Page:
The Trend towards Corporate Voluntary Disclosures

Research Paper (undergraduate) 2005 25 Pages

Business economics - Controlling


Table of Contents

Table of Figures

1 Introduction

2 Insights into the Corporate Disclosure Proce
2.1 Value Reporting: Investors’ Need of Informatio
2.2 Failures of the Current Corporate Reportin
2.2.1 Valuation Proble
2.2.2 Communication Problem
2.3 Consequences: Necessity for Improved Disclosure Proces
2.4 Benefits and Disadvantages of Improved Disclosure Process

3 Tendencies of Corporate Reportin
3.1 Efforts to Improve Corporate Reporti
3.2 Changing Accounting Regulations in Germa
3.3 Trend towards Voluntary Disclosures

4 Conclusion


Table of Figures

fig. 1: Elements of Value Reporting

fig. 2: The Dialogue Spectrum.

fig. 3: The Gap Analysis

fig. 4: Quality Level of Business Reports in 1995

fig. 5: Quality Level of Business Reports in 1998

1 Introduction

Recent scandals, like the Enron Bankruptcy, undermined the investors trust in the information given by the corporations. Enron, one of the biggest consolidated group in the US and in the world, became famous all over the world by the surprisingly bankruptcy in December of 2001. Even a few weeks before the petition of bankruptcy analyst recommended to buy Enron stock and thousands of investors lost their savings or their pension backups. By creative balancing Enron succeeded to take advantage of gaps in the Generally Accepted Accounting Principles (GAAP). Financial data in the annual business report was manipulated so that investors who relied on this information made wrong investment decisions. Likewise investors and analyst trusted in the confirmation of the accounting firm Arthur Andersen & Partner which was authorized to prove the correct balancing of Enron.

The Enron Bankruptcy is just one example, many bankruptcies like the ones of Sunbeam, Waste Management or Global Crossing had followed yet. “Creative balancing” gained currency among other listed corporations and the value and the profitability of blue chips were overvalued. Scandals like this emphasize the importance of the given information for the entire stakeholders, critically the investment community, because they have a deep impact on the investment decisions. Corporations are more and more forced to offer corporate voluntary disclosures which fulfill the “call for evidence of activities” (cf. Pricewaterhouse-Coopers, 2000b, p. 1) made by the business environment and to regain public trust.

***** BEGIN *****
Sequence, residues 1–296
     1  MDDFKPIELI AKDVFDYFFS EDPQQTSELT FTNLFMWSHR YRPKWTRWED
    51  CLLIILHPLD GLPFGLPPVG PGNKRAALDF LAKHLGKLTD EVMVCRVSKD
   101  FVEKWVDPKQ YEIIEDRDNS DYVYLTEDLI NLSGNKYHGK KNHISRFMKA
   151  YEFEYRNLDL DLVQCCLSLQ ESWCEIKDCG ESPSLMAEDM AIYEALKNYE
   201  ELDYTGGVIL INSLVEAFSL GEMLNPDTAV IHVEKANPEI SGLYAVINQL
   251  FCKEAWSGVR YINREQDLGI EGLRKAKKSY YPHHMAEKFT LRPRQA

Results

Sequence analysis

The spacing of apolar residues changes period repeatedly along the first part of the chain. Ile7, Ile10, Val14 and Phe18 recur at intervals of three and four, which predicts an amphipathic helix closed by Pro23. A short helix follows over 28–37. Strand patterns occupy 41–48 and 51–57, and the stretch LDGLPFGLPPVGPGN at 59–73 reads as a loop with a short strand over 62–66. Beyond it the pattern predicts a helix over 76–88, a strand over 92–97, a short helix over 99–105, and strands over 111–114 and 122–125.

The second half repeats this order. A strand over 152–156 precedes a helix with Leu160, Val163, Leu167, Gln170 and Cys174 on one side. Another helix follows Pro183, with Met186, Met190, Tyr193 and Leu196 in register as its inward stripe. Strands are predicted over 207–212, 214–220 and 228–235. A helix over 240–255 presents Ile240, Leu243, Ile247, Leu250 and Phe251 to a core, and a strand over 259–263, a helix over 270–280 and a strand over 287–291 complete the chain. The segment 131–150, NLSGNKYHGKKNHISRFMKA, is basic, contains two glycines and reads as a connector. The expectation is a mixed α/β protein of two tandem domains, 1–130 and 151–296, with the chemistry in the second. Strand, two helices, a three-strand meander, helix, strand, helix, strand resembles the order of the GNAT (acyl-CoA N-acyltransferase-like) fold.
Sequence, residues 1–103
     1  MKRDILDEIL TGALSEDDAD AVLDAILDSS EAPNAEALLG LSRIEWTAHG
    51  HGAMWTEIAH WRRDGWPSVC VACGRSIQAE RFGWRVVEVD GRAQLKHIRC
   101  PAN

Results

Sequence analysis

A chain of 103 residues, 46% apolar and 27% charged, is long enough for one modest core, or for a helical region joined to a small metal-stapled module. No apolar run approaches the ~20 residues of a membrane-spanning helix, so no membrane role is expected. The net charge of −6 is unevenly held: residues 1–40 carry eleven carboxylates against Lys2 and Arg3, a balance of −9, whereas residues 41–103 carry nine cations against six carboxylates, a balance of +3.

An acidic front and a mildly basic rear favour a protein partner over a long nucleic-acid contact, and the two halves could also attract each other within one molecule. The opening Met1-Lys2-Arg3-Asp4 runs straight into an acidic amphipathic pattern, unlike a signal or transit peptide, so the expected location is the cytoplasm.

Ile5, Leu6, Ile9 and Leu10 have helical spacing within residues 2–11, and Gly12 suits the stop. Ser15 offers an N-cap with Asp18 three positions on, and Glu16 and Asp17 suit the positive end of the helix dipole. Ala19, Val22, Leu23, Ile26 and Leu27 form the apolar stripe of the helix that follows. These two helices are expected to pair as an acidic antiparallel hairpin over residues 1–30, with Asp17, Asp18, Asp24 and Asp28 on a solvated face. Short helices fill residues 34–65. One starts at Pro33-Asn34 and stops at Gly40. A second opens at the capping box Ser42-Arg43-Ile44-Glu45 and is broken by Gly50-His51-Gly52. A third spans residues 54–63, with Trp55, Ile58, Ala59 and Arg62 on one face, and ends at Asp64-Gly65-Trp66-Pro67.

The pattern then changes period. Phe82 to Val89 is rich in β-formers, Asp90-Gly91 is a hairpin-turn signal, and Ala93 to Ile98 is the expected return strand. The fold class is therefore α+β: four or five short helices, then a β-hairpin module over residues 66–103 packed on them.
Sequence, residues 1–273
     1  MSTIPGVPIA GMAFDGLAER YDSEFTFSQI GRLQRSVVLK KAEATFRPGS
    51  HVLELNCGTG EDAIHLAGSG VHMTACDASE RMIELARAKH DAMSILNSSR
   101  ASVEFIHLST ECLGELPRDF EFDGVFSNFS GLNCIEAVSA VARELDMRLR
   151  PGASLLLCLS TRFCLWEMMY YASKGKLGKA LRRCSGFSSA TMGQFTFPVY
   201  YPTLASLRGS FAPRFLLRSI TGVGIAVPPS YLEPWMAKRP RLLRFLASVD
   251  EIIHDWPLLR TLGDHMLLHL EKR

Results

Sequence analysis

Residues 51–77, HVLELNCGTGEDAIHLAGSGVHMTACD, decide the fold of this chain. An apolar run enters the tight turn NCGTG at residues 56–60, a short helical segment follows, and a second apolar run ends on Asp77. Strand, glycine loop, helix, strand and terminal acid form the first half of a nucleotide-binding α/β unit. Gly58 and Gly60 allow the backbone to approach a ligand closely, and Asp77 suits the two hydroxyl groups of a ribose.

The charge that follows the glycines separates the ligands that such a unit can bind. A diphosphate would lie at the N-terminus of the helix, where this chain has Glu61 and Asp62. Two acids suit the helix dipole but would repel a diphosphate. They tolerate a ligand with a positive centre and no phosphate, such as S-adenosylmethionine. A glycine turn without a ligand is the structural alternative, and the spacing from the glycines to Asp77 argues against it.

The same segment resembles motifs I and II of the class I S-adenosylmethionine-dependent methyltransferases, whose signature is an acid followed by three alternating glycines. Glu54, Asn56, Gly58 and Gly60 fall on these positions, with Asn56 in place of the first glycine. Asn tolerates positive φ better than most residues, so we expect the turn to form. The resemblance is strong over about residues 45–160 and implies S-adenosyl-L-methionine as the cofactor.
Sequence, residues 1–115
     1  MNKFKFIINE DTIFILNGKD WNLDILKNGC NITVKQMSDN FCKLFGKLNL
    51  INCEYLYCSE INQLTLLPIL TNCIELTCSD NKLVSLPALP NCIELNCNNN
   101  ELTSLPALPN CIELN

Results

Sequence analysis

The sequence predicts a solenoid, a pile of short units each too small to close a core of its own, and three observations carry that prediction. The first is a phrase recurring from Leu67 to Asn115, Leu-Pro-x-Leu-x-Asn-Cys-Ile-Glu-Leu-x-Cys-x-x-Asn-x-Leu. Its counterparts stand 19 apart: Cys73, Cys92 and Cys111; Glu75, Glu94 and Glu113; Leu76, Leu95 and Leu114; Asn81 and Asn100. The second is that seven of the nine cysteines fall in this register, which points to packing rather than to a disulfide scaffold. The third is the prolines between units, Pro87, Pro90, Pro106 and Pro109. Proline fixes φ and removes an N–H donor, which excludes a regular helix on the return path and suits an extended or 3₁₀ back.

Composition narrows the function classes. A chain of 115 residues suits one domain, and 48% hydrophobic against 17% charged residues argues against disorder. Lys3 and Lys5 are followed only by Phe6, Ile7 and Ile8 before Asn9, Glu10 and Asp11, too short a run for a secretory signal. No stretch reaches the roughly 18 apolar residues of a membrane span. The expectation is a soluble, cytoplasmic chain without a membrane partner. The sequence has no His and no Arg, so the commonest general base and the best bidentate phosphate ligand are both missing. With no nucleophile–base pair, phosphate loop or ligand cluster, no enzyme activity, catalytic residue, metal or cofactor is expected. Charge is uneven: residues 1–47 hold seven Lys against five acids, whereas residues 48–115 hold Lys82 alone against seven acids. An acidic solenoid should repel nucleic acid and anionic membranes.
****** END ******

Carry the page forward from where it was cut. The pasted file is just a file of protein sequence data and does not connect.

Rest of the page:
Additionally, the globalization of markets has a strong influence on the corporations’ orientation. More and more corporations become international and listed. Thus, the competition on capital market increases and the constant need for capital requires a better explanation on the business performance. To help investors with their capital allocation decisions, corporations have to provide a more reliable, relevant, and useful information on a voluntary basis. In general, investors should get a better understanding of the corporation by more transparency. So, the traditional reporting in a vast number of corporations, based on financial data, is added by voluntary disclosures with the hope to hasten the process of the stock markets recognition of their corporate value.

Investment decisions are always made under uncertainty and from the investors’ perspective it has to be profitable with a minimum risk. Corporations have to report about their corporate value for reducing the investors’ risks. Therefore, it is necessary to develop measures based on identified value indicators and a reporting mechanism for the communication to the key stakeholder. The competitive reality of the capital markets demand a new performance measurement that means not using only financial figures as foundation, but also a wide set of measures including non-financial ones.